The Agency’s arguments fail to demonstrate that the award does not draw its essence from the parties’ agreement; the Arbitrator’s other findings support her conclusion.[8]  While the Agency argues that the MOU is valid because it was sufficiently bargained with the Union,[9] the Arbitrator found that the MOU conflicts with Articles 17 and 24 of the parties’ agreement.[10]  Because the Agency does not challenge the Arbitrator’s conclusions as to the MOU’s conflict with Articles 17 and 24, we find that the Agency fails to establish that the Arbitrator’s interpretation of the parties’ agreement is irrational, unfounded, implausible, or in manifest disregard of the agreement.[11]

 

The Agency also argues that the MOU’s         pre-approval provision was applicable to the grievant because it did not include any language that excludes the grievant or Union officials who serve on 100% official time.[12]  Contrary to the Agency’s arguments here, the Arbitrator found that the parties understood that the MOU would not apply to Union officials who serve on        100% official‑time status.[13]  Thus, the Arbitrator concluded that the MOU did not apply to the grievant because she was already on 100% official time.[14]  The parties essentially called on the Arbitrator to interpret whether the MOU applied to the grievant when they did not specifically address Union officials who serve on 100% official time like the grievant.  Our review is deferential because it is the arbitrator’s interpretation of the agreement for which the parties have bargained, and the Agency fails to demonstrate that the arbitrator’s interpretation is not a plausible interpretation of the agreement.[15]  Consequently, we deny the Agency’s essence exception.[16]

 

  1. Decision

 

We deny the Agency’s exceptions.

 

 

 

Member DuBester, concurring:

 

I agree with the decision to deny the Agency’s exceptions.

 

 

 

 

 

[1] Member Abbott notes that the issue in this grievance concerning official time release procedures may soon be moot with the implementation of Executive Order 13,836,   Developing Efficient, Effective, and Cost‑Reducing Approaches to Federal Sector Collective Bargaining.  83 Fed. Reg. 25,329 (May 25, 2018).

[2] SharePoint is the Agency’s online time‑keeping system where supervisors can track and approve official time used by Union officials.  Award at 7.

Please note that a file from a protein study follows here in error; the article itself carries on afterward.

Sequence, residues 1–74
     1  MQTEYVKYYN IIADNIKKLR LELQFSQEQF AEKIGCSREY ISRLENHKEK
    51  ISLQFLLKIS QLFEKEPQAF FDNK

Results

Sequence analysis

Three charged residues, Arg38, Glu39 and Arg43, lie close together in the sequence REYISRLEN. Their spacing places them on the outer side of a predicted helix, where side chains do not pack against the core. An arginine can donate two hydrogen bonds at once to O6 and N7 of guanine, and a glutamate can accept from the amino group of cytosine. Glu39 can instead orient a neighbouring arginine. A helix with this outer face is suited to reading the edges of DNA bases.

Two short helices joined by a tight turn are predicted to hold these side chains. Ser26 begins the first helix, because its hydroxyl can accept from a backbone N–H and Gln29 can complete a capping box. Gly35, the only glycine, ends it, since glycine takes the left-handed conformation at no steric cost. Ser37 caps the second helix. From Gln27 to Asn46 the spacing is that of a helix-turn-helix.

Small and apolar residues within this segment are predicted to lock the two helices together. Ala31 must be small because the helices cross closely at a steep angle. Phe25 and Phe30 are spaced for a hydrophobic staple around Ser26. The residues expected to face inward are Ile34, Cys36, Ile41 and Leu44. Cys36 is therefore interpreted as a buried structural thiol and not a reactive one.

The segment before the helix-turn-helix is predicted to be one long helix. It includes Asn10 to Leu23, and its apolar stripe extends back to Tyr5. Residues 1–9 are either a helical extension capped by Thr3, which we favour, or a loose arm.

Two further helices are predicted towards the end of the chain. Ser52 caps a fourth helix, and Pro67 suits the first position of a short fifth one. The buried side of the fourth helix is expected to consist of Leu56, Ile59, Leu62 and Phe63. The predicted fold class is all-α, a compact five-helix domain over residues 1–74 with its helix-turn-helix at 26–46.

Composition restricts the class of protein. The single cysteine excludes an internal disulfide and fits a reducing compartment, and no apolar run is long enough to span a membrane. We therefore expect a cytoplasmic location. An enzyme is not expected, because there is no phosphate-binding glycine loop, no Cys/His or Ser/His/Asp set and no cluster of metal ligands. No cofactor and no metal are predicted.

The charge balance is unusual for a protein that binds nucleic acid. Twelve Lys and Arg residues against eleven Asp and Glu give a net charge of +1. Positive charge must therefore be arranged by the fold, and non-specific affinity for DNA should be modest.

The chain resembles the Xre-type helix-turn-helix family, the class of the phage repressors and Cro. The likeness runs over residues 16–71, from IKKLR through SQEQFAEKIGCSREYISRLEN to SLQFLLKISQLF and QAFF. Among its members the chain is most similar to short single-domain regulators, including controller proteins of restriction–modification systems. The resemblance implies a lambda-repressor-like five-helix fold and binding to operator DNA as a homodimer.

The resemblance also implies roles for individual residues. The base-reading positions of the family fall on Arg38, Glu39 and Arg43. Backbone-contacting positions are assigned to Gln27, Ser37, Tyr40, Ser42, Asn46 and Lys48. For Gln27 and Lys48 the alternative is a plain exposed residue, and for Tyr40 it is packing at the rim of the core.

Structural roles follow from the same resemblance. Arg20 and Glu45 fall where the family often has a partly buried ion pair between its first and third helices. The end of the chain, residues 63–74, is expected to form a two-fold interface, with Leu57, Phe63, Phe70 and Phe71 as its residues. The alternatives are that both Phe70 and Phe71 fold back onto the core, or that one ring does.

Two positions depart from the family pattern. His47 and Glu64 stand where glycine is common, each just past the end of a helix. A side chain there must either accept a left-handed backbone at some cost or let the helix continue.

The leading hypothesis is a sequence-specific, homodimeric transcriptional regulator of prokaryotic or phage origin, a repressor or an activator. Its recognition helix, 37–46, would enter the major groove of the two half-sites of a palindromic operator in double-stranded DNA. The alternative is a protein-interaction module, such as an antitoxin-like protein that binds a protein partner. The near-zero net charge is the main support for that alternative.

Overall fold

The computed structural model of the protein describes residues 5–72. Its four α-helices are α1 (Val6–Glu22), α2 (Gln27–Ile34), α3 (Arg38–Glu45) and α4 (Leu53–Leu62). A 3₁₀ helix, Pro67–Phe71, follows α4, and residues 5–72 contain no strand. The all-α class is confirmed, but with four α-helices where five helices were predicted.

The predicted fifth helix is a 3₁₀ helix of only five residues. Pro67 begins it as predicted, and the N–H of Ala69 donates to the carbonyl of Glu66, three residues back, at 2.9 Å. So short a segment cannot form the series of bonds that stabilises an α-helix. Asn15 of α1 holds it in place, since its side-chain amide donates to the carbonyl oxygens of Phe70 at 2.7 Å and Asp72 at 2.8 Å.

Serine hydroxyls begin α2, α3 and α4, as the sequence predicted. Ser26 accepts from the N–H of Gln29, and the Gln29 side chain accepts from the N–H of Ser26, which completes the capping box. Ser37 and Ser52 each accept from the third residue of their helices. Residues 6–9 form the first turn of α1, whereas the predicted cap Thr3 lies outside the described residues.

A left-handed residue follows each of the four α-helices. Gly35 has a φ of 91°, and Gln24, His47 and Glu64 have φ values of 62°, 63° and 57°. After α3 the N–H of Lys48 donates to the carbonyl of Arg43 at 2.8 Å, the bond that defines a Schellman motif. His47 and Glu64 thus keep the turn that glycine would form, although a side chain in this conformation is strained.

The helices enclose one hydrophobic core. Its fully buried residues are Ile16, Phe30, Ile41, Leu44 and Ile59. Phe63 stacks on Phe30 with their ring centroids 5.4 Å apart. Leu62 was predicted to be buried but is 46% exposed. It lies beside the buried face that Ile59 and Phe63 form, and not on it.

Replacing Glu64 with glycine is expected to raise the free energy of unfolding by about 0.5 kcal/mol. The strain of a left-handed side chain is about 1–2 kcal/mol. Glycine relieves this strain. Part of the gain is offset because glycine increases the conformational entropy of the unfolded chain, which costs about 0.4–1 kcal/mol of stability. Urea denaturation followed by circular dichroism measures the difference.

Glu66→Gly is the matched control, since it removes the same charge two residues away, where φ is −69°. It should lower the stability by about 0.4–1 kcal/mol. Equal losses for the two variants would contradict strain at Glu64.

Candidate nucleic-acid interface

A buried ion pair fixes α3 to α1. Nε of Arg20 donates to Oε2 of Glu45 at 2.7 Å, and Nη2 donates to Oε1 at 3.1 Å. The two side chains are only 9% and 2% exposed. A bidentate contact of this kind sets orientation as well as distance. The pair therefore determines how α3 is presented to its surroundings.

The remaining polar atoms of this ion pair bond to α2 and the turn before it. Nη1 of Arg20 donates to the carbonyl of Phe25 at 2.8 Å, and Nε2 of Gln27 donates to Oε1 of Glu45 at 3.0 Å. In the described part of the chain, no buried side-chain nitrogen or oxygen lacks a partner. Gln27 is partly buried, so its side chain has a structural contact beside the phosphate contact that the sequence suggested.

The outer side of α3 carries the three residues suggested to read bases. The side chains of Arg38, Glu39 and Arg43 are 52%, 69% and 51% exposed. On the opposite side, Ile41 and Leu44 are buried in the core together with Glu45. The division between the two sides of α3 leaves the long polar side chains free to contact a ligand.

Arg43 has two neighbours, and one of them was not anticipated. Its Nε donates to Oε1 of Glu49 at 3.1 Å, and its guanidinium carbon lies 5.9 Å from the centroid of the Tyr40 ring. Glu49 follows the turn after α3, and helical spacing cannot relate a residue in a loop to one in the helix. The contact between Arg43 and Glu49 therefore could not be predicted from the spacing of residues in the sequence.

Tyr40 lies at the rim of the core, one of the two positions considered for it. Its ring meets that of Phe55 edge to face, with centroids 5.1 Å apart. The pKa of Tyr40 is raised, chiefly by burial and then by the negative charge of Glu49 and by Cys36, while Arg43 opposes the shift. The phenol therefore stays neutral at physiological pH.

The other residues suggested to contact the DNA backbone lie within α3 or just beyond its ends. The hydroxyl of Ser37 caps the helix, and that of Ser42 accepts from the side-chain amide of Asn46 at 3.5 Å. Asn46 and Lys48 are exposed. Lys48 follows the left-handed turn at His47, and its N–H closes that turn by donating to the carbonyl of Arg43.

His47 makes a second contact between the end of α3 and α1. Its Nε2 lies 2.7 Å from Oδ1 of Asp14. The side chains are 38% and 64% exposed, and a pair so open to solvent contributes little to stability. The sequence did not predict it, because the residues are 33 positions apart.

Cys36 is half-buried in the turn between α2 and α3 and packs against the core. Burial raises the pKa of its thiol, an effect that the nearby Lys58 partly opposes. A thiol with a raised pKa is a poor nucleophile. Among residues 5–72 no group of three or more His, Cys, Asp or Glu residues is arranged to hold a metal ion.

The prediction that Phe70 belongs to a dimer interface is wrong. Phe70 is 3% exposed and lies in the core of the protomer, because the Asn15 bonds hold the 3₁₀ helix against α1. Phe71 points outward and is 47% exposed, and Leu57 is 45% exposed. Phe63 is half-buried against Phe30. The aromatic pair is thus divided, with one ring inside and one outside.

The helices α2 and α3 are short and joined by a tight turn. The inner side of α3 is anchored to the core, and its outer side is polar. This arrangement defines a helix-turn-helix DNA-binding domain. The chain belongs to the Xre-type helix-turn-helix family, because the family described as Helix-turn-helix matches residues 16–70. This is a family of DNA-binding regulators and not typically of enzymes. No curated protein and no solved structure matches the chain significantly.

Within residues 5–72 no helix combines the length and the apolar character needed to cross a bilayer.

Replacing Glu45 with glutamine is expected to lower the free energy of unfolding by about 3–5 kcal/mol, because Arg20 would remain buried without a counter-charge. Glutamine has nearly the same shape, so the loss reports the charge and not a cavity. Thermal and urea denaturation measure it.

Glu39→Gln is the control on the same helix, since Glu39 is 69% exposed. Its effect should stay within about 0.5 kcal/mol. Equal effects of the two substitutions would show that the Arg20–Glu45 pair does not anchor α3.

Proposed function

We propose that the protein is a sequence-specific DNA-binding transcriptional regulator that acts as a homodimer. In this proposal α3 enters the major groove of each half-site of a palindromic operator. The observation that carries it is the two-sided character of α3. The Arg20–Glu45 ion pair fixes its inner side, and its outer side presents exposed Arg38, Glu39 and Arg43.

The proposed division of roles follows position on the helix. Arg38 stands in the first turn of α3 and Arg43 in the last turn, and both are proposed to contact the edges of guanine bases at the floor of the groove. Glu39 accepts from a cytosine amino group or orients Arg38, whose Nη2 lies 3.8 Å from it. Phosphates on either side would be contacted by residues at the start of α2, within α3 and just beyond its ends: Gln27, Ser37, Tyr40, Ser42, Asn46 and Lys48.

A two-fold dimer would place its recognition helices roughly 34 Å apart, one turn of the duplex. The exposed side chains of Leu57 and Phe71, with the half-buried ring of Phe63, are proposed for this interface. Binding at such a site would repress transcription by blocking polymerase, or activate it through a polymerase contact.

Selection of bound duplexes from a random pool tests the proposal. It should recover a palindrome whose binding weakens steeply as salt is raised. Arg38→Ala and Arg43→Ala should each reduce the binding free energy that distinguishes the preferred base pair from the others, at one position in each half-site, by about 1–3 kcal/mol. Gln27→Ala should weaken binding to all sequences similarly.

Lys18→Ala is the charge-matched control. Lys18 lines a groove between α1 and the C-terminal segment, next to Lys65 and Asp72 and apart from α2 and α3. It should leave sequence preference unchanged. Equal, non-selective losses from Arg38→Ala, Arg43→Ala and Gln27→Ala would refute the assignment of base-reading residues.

[3] Opp’n, Attach. B, Official Time Release Procedures June 8, 2015 MOU.

[4] Award at 23.

[5] Id. at 23-26.

[6] Exceptions Br. at 2-10.

[7] When reviewing an arbitrator’s interpretation of a collective‑bargaining agreement, the Authority applies the deferential standard of review that federal courts use in reviewing arbitration awards in the private sector.  The Authority and the courts defer to arbitrators in this context “because it is the arbitrator’s construction of the agreement for which the parties have bargained.”  Bremerton Metal Trades Council,

68 FLRA 154, 155 (2014) (citing AFGE, Council 220, 54 FLRA 156, 159 (1998)).  Under this standard, the Authority will find that an arbitration award is deficient as failing to draw its essence from the collective‑bargaining agreement when the appealing party establishes that the award does not represent a plausible interpretation of the agreement.  Id. (citing U.S. DOL (OSHA), 34 FLRA 573, 575 (1990)).

[8] Chairman Kiko notes that she finds merit to the Agency’s arguments challenging the Arbitrator’s conclusion that the MOU was “invalid and unenforceable.”  Award at 23.  However, the Agency’s arguments fail to adequately challenge the remainder of the Arbitrator’s rationale for finding that the Agency lacked just cause for the discipline.

[9] Exceptions Br. 5-7.

[10] Award at 23.

[11] SSA, Balt., Md., 66 FLRA 569, 571-72 (2012) (citing         U.S. Dep’t of HHS, Nat’l Inst. of Health, 64 FLRA 266, 268 (2009) (denying an essence exception where the agency did not show that the arbitrator’s interpretation was irrational, unfounded, implausible, or in manifest disregard of the parties’ agreement)).

[12] Exceptions Br. at 7.

[13] Award at 23.

[14] Id.

[15] U.S. Dep’t of Transp., FAA, 68 FLRA 905, 908 (2015) (citing United Paperworkers Int’l Union, AFL‑CIO v. Misco, Inc., 484 U.S. 29, 37-38 (1987)).  

[16] The Agency also argues that the award is contrary to Authority precedent invalidating arbitrator awards that added terms to negotiated agreements.  Exceptions Br. at 5 (citing   U.S. Dep’t of the Treasury, IRS,

64 FLRA 720 (2010)).  As this argument merely repeats its essence argument, we also deny this exception.  AFGE, Local 648, Nat’l Council of Field Labor Locals, 65 FLRA 704, 711-12 (2011) (citing U.S. Dep’t of Transp., FAA, 65 FLRA 320, 323 (2010)).